Yearly Archive: 2010

4

Final countdown: Cranberry, Orange and Port Relish

href=”http://www.bibliocook.com/2010/12/christmas-bakin.html”>baking is done, there are jars of homemade mustard sitting on the counter alongside Lemon and Passionfruit Curd and the second turkey is almost ready to go. We’re due to leave the cottage tomorrow, abandoning our iced up windows – it’s just not melting these days, and that’s inside – for a few days of central heating and living with the family at my parents’ place.

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1

Cookbooks at Christmas

Food for Friends and Family by Sarah Raven

Some might say that it is too late for Christmas shopping but, as the Little Brother informed me this morning, there’s loads of time yet. Which would be fine if he wasn’t supposed to be buying for me – my family does Kris Kringle so that you only have to buy for one person – and most of the things I want are online. My fault for not telling him in time, apparently! Oh well…if there are any similarly challenged little brothers out there, they might find this list useful. Here are, in no particular order, a selection of review books that I’ve enjoyed this year. You can also find a few more in the Cooking the Books index.

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4

Christmas baking: Mincemeat and Polenta Shortbread

Christmas Mince and Polenta Shortbread

Although I made mince pies for the Christmas Cookalong, that was the night I realised why I don’t normally make them. As I fiddled with the pastry and Little Missy stuck her hands, once again, under my rolling pin – difficult to avoid when she’s standing on her wee stool directly in front of me so she can “help” with the stars – I kept thinking that there have to be easier ways to make things with Christmas mincemeat.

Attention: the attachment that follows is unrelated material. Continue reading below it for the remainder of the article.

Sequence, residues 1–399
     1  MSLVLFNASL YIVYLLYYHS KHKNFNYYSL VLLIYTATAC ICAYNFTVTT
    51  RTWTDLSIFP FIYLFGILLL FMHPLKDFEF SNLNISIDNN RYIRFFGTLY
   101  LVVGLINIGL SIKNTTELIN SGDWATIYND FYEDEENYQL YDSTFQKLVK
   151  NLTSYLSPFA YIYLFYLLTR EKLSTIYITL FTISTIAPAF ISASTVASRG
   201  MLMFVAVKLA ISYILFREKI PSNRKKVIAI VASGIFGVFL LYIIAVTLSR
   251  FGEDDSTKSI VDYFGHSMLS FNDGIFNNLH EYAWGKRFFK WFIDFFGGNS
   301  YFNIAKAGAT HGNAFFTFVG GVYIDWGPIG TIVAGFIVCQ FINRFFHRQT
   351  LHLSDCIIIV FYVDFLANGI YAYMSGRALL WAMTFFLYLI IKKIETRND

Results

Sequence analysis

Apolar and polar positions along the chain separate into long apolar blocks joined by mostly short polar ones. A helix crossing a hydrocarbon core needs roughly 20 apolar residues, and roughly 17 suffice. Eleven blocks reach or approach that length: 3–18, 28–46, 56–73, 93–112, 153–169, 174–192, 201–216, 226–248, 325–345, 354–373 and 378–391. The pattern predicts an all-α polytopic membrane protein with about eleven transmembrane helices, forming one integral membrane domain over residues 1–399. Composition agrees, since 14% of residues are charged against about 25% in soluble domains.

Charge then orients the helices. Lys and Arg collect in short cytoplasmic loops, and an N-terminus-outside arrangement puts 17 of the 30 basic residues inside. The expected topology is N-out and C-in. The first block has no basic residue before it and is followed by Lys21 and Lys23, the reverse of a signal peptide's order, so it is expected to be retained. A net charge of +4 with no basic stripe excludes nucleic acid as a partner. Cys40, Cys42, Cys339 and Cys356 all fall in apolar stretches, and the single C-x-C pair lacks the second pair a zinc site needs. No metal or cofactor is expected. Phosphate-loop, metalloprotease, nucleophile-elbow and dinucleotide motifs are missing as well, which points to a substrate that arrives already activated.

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0

Christmas cookies: Salted Caramel and Hazelnut Squares

Salted Caramel and Hazelnut Squares

Shortbread, salted caramel, roasted hazelnuts and dark chocolate, with a little dusting of sea salt – how could you possibly resist these? I don’t make them very often but they’re a great Christmas gift, just perfect for layering in a little tin, wrapping up safe and sending to someone special.

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2

Food From Plenty by Diana Henry

Food From Plenty by Diana Henry

Ever since the sunshine soaked warmth of Crazy Water, Pickled Lemons I’ve been a fan of Diana Henry’s food writing. Her follow ups – Roast Figs, Sugar Snow (warming dishes from colder climes, perfect for this kind of weather) and the does-what-it-says-on-the-tin Cook Smart (the sausages chapter is a constant go-to) – have kept me cooking over the last few years.

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